irish pub


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irish pub

Working as a bar tender was certainly not a she’d have kept doing if she had had the possibility of choosing something else to do instead.

During day shifts it wasn’t too bad, she thought every time she had one. Since the was not too loud and the hours not too suitable for being drunk yet, she found herself having the chance of actually talking with people and sometimes even engaging with them in some fairly interesting conversations.

Unfortunately that did not happen too often and, when the new owner of the place had preferred to make of its business’s a much more profitable alcohol-based one, it was on that she ended up working most of the time.

At everything and everyone was different from what they were in the daylight. A relatively decent person during the day could often, with that little bit of alcohol in his system, become an indeed rather ghastly individual, if matched with the right – or in fact wrong – company and a general disorderly atmosphere which reigned in the pub especially on a Friday and a Saturday night.

On these occasions she could hardly stand the amusement on her ’ faces when they came to order their drinks, nor the rude comments on their , and yet she had to.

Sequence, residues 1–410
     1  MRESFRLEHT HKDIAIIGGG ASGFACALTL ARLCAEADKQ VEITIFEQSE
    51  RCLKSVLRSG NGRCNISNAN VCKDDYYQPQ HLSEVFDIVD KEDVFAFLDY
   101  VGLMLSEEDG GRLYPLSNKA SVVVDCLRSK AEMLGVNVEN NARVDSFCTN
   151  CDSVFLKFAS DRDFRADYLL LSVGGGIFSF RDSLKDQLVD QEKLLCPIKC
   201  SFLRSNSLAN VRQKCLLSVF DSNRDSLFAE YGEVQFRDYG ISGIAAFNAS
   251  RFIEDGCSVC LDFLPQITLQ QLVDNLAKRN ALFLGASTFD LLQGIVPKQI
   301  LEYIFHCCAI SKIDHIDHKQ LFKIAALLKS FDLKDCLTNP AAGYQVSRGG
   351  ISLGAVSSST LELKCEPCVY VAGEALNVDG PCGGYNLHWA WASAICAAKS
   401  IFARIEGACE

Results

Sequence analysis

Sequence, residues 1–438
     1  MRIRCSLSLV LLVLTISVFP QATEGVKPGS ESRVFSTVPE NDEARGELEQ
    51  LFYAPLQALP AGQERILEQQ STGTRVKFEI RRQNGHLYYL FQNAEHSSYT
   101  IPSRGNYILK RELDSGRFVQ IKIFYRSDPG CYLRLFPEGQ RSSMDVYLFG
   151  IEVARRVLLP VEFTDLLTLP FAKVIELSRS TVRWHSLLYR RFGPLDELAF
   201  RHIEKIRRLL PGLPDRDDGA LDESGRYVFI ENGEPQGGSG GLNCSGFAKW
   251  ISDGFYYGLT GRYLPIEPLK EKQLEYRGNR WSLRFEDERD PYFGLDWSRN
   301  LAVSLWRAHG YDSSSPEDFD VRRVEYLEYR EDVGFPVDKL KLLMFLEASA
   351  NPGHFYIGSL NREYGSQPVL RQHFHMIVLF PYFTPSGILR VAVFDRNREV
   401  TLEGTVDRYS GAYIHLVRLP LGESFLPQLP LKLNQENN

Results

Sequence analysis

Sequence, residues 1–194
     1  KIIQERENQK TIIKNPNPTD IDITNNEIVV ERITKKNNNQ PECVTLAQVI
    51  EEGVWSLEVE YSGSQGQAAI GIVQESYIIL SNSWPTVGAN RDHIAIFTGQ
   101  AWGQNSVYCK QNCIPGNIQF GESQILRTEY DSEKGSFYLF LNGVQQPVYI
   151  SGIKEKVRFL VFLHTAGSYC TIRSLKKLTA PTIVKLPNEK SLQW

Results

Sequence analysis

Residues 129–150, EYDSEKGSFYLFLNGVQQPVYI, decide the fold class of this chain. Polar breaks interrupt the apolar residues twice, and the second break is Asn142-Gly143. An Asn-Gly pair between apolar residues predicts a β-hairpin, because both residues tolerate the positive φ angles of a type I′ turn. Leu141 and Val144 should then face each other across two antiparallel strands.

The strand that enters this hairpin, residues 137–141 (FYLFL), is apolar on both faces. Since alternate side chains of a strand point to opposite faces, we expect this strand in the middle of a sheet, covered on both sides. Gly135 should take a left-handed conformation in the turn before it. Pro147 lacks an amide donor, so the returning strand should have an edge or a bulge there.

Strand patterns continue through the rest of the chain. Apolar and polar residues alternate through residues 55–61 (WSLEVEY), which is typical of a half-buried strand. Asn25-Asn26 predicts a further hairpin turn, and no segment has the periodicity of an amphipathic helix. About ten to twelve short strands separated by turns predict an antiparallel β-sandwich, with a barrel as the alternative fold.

There weren’t many ways of hiding herself behind the counter, she was there, directly in front of everybody and had no choice: she had to face them. A quick movement of her hand, and the drink was served, a polite ”thank you” and then on she carried, thinking only about what she’d do when the shift was over.

She hated all that, but that was her job. It made of her an independent and self-sufficient woman, and she would have let no one take that away from her.

Texts by Laura ”Croft” Vivio

  • ApertureValue:
  • ExposureTime: 1/10 sec
  • FocalLength: 18 mm
  • ISOSpeedRatings: 1600
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